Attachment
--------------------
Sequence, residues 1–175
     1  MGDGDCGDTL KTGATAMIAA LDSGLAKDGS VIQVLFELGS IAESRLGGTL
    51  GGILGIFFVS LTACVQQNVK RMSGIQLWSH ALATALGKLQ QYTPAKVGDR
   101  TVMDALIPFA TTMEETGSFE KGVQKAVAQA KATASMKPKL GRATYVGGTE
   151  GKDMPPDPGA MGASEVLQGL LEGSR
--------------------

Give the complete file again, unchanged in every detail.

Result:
Sequence, residues 1–175
     1  MGDGDCGDTL KTGATAMIAA LDSGLAKDGS VIQVLFELGS IAESRLGGTL
    51  GGILGIFFVS LTACVQQNVK RMSGIQLWSH ALATALGKLQ QYTPAKVGDR
   101  TVMDALIPFA TTMEETGSFE KGVQKAVAQA KATASMKPKL GRATYVGGTE
   151  GKDMPPDPGA MGASEVLQGL LEGSR